Although use of null to indicate a default value is a well established principal reaching back to the C / C++ roots of C#, another approach could be to borrow the concepts of the Option type (called Maybe in Haskell)

This will force the caller to explicitly specify whether he wants wants the default or not. This avoids the confusion about deliberately passing null as a bad parameter and using null to indicate optional:

You would then have a single constructor which covers BOTH the concerns of your "two constructors" code.

public Foo(Option<IDictionary<string, string>> optionalBar)
{
    if (bar == null) 
       throw ArgumentNullException();
    if (bar.HasValue) {
        _bar = new Dictionary<string, string>();
    } else {
        _bar = bar.Value;
    }
}

Unfortunately, C# doesn't quite flow as nicely as say a FP language, which would use pattern matching to reason over Some<Dictionary> and None.

3
  • 1
    Most Option types provide .ValueOr(default)-like method. Use that.
    – Euphoric
    Apr 7, 2016 at 12:22
  • Good idea. I was thinking OP may be more used to the "HasValue" / "Value" semantics of Nullable<T>
    – StuartLC
    Apr 7, 2016 at 12:23
  • 1
    Also, you still need to provide the parameter-less constructor. IMO having to call Option<IDictionary<string, string>>.None on every other invocation is not nice. And default parameter is not supported in this case.
    – Euphoric
    Apr 7, 2016 at 12:28
0

I'm for the first case.

In the second case, it promotes null as a valid parameter. IMO null should not be used to indicate absence of value. That's why Option types exist (as hinted by StuartLC).

2
  • 1
    This is in C# though, which afaik do not have any Option type.
    – Fred
    Apr 7, 2016 at 12:46
  • @Fred There are tons of libraries that provide one.
    – Euphoric
    Apr 7, 2016 at 12:57
0

I'm not hugely blown away by either to be honest.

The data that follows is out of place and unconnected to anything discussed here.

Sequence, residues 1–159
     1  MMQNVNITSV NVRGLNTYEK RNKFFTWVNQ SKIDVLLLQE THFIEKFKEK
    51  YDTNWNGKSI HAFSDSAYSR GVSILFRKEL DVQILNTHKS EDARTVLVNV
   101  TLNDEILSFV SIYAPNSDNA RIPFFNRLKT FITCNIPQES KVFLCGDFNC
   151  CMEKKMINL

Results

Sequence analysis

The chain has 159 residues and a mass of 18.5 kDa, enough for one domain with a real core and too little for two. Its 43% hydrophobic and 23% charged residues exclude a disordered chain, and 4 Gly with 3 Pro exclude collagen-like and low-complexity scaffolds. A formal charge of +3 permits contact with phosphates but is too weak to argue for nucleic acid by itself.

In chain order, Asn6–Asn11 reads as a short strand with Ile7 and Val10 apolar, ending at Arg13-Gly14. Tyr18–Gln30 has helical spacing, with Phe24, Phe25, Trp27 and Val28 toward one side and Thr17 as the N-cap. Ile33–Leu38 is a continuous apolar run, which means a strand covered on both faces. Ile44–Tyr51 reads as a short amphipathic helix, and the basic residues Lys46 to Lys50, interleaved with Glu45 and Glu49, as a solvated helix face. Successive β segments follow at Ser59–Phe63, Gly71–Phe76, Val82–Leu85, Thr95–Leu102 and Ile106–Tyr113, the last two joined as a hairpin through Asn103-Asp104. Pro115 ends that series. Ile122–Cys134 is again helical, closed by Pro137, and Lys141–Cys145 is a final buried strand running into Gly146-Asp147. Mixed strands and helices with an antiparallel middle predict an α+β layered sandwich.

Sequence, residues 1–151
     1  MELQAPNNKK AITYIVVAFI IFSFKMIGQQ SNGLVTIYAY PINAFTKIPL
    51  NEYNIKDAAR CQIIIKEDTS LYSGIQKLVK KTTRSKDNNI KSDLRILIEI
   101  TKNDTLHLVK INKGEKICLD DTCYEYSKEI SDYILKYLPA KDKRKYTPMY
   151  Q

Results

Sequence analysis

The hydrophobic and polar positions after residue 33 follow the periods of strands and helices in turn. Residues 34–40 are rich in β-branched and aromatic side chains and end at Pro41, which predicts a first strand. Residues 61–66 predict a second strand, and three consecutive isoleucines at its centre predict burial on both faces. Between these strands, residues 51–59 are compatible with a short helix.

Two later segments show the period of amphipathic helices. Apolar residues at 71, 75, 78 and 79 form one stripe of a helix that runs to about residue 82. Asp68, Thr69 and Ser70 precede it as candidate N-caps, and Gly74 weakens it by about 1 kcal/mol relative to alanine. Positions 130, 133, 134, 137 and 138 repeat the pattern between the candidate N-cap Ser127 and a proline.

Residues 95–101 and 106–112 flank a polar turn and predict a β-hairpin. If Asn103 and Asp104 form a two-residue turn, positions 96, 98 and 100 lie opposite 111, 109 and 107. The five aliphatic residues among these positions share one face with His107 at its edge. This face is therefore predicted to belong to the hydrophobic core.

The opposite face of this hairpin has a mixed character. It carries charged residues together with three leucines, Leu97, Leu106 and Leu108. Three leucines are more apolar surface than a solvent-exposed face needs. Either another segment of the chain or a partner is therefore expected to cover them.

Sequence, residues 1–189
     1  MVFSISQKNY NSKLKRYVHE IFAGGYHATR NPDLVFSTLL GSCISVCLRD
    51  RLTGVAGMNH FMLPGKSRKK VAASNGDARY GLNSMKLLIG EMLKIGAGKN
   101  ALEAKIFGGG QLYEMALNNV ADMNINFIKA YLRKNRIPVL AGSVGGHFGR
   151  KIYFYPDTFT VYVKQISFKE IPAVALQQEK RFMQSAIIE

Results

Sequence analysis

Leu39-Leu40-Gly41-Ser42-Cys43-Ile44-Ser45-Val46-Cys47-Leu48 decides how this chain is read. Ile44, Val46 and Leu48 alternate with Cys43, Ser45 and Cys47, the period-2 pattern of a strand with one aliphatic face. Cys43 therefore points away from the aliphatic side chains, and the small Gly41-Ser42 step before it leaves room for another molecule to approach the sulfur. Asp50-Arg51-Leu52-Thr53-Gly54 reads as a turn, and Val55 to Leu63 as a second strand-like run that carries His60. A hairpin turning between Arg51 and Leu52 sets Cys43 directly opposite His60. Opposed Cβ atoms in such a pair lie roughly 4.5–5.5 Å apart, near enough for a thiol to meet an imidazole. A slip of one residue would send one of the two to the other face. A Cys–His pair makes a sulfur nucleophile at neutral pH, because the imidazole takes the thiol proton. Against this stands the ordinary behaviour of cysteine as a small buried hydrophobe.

The first one can throw an unexpected exception and the second initialises a member variable which hasn't even been supplied as a parameter. Constructors should not yield unexpected behaviour.

I'd prefer something like this:

public class Foo
{
    private IDictionary<string, string> _bar;

    private IDictionary<string, string> Bar
    {
        get
        {
            if (_bar == null)
                _bar = new Dictionary<string, string>();

            return _bar;
        }

        set { _bar = value; }

    }

    public Foo()
    {

    }

    public Foo(IDictionary<string, string> bar)
    {
        Bar = bar;
    }
}

The user is free to either supply a parameter or call the parameterless constructor. And if by some oversight, the property is called without being initialised it creates one on the fly via lazy instantiation.

9
  • I'd avoid lazy initialization, unless it provides a significant performance advantage. One problem with your implementation is that it makes the class thread unsafe for multiple readers. Another issue is that you can assign null the the property but when you read it back, it's suddenly another value. Apr 7, 2016 at 13:11
  • Read the OP again - the intention is to defend against null. Why would I possibly want null back when it was passed in error in the first place?
    – Robbie Dee
    Apr 7, 2016 at 13:19
  • 1
    You should add an exception to the setter, so a caller can't set it to null. Otherwise you're violating the basic expectation of properties that the getter should return the value you called the setter with (or at least a value equivalent to it). IMO your code is much worse either of the OP's variants. Apr 7, 2016 at 13:23
  • Like the constructor case the property would only ever be set to null in error so no exception is required (or even desirable) here. Lazy instantiation isn't just about performance. It is about letting the program execution flow as much as possible whenever it is safe to do so. See LINQ's default methods for similar functionality.
    – Robbie Dee
    Apr 7, 2016 at 13:29
  • If by "in error" you mean "by a bug" then an exception is very much needed, so you can quickly detect the bug, instead of masking it. Apr 7, 2016 at 13:37